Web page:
'Friday's going to be horrific': Prepared for the worst, Austin plumbers hits the streets
The phone at Radiant Plumbing & Air Conditioning has not stopped ringing for days, with about 1,000 calls pouring into the Austin-based business each day this week.
Founder and CEO Brad Casebier says his company’s phone system has had the same outgoing message for as long as he can remember: boilerplate info thanking people for their call and asking them to briefly hold. That changed this week.
The Austin-based company has received about a 500% increase in calls this week, leading to a new message. Customers are kindly asked to not call back for an update on their job specifics (all will be called 24 hours before their assigned appointment) and are thanked for their “patience and grace as we work through this disaster together.”
The calls regarding frozen and broken pipes backed up this week, as many of the Radiant plumbers were sidelined by the treacherous weather conditions. Customer service representatives served in a triage capacity, taking customers’ information and creating a schedule for when work would actually begin. When the few trucks that were able to make service calls hit the roads earlier in the week, Casebier says neighbors would approach his plumbers with requests.
“Everyone’s got a problem right now,” Casebier said. “It’s really stressful and so frustrating to be unable to help but we’re very excited to be full bore Friday.”
Casebier said he planned to deploy the full team Friday to repair burst pipes, along with supplemental hands who usually work on installations and drains, following a storm that he says will leave unprecedented damage in its wake. Customers with the most urgent needs would be given priority. He said on Thursday that appointments were being scheduled about three weeks out and that he expected the lags to increase.
“This could get into a month. Friday’s going to be horrific,” Casebier said, adding that some problems will take hours and others will require a full day. “If we got 100 calls done Friday, I’d be super excited.”
Radiant used their plumbers for virtual calls earlier in the week, charging $20 for 15 minutes of phone or video chat time to walk customers through their problems, but the demand was so overwhelming that they ceased the service.
How to tell if you have frozen, burst water pipes
As temperatures finally reach above freezing for an extended period of time, Casebier says many homeowners will discover burst pipes and fears the worst for outdoor tankless water heaters, which he says likely will be damaged.
If people suspect they have frozen pipes, Casebier suggests they turn off their water at the source near the street, so that when the pipes do thaw and water begins to flow, they can control when they turn the water back on and monitor where there may be leaks. Homeowners also should open taps after water is turned off to alleviate pressure in the pipes.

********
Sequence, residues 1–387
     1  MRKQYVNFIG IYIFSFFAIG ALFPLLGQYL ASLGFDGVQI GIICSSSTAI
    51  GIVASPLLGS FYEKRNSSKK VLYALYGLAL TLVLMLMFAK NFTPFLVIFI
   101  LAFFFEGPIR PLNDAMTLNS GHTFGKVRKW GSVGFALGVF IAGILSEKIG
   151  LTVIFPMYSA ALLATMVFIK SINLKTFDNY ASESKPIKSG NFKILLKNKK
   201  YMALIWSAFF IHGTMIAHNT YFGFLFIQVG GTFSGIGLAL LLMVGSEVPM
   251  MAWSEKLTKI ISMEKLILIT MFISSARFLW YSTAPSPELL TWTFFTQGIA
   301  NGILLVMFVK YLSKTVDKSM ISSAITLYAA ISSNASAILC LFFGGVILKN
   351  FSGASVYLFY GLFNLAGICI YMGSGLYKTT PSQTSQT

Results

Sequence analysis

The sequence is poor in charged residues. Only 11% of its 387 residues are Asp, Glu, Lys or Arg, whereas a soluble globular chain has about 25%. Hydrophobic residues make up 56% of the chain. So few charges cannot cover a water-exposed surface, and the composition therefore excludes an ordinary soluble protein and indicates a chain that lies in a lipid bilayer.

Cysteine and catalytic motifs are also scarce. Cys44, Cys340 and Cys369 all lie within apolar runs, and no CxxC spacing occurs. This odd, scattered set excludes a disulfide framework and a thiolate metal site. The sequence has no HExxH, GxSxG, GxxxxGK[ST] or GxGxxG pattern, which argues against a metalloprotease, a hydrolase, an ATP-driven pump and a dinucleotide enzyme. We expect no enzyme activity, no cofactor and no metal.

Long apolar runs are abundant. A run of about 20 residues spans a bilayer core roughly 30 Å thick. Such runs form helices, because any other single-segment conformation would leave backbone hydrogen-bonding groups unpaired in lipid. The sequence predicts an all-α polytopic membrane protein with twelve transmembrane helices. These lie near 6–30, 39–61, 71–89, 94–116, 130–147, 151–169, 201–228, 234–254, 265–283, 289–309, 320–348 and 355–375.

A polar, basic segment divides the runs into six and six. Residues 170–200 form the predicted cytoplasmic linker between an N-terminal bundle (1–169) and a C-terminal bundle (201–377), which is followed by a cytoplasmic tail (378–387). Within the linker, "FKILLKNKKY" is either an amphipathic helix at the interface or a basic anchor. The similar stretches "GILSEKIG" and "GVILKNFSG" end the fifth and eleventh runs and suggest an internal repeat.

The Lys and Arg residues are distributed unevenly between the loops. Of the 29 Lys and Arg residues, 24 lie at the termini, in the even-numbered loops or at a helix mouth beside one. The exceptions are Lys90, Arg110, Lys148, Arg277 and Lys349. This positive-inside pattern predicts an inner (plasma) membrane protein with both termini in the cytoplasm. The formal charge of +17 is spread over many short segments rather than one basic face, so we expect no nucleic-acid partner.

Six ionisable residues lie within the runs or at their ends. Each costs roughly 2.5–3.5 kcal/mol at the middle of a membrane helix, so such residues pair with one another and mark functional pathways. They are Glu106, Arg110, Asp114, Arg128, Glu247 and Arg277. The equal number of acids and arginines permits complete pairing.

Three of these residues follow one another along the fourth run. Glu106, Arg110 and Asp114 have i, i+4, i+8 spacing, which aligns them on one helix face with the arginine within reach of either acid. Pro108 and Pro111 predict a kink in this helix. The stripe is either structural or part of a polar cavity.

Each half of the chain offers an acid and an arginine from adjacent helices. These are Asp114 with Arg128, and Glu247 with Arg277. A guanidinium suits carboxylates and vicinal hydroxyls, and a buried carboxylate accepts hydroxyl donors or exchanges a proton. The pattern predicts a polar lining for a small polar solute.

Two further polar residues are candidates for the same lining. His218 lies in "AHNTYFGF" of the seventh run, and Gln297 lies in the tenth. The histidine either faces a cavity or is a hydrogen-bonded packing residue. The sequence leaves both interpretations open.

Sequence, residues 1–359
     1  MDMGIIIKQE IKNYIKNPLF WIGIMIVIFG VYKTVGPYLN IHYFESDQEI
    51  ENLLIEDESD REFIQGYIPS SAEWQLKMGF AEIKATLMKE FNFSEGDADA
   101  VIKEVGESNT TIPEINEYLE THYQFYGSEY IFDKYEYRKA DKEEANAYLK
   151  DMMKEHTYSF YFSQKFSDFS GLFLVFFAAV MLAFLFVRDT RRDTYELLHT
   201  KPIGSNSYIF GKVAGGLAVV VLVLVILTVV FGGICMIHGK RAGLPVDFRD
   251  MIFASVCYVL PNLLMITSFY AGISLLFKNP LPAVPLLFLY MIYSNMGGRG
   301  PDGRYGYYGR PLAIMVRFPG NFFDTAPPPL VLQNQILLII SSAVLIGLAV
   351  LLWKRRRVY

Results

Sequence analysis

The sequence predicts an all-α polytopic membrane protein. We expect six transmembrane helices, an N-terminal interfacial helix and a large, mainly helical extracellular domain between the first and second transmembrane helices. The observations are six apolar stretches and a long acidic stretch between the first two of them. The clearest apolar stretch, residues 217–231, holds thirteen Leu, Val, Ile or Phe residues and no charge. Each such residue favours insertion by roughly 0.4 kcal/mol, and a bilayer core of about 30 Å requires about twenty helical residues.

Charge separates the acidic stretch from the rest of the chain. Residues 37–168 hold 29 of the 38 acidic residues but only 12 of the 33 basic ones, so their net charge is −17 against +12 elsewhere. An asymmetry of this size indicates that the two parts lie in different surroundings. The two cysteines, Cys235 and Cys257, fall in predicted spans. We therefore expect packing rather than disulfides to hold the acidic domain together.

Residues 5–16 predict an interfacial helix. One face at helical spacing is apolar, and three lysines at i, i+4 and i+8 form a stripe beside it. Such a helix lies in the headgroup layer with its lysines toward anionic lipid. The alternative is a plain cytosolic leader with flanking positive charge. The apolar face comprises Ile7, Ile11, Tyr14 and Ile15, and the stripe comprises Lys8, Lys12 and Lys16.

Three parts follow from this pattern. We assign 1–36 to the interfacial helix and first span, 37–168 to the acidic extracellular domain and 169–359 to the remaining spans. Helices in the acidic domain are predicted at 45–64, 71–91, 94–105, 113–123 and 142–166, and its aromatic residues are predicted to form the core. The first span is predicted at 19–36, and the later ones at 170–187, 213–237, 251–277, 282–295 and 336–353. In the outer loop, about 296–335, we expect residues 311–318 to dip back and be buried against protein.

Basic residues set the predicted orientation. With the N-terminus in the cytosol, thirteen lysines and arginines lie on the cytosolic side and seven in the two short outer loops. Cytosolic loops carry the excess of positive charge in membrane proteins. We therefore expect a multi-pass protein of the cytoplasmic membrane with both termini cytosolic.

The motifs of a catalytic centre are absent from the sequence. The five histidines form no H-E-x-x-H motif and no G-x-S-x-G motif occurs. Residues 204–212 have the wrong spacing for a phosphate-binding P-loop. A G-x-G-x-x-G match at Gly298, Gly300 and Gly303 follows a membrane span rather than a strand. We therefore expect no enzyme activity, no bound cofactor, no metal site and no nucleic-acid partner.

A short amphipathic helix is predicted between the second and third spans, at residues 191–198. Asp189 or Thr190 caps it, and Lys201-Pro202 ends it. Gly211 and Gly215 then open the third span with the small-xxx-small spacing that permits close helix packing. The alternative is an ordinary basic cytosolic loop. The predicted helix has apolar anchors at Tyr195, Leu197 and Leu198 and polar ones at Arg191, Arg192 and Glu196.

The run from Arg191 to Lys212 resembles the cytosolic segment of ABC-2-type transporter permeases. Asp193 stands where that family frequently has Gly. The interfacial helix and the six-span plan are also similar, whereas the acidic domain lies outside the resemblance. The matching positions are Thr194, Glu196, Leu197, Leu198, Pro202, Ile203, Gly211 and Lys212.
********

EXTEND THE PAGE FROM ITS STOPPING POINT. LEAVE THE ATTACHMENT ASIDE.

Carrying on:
Casebier says that cracked pipes will make a hissing sound that may be discernible, and spraying or leaking water also will be an obvious indicator.
What if you have a water leak or flood?
Once customers determine they definitely have a leak, they should turn their water off and wait for the plumber to do repairs. Because of big delays in service calls, Casebier says homeowners could handle problems such as minor cracks by installing small fittings from companies like SharkBIte as a stopgap before getting professional help.
If someone has had a leak or flood, after turning off their water, Casebier says the customer should focus on drying the affected area.
“This is super important: If you have water in your house, getting every drop up you can up is really critical,” Casebier said. “Trapped moisture is what causes mold. You can pull up your baseboards and even cut a little of the sheetrock and allow the wall to breathe. Putting fans is helpful but you want to be very purposeful.”
Why do water pipes burst at all?
With pipes bursting across the city, some have wondered why areas in other parts of the country that regularly experience severe weather don’t suffer the same level of damage we’re seeing in Austin.
“We just have different construction standards because this only happens every 100 years. We’re not required to put a high degree of effort into insulating,” Casebier said.
Homes in Austin are required to bury their water supply lines only a foot below dirt. Cities with much colder climates have regulations that require pipes be buried 6-to-8 feet below ground. Casebier says that the statistics regarding breakage and loss will come out in the weeks ahead, and may call for a reevaluation of installation and plumbing regulations in Austin.
“I think we should definitely consider upping some of those standards,” Casebier said.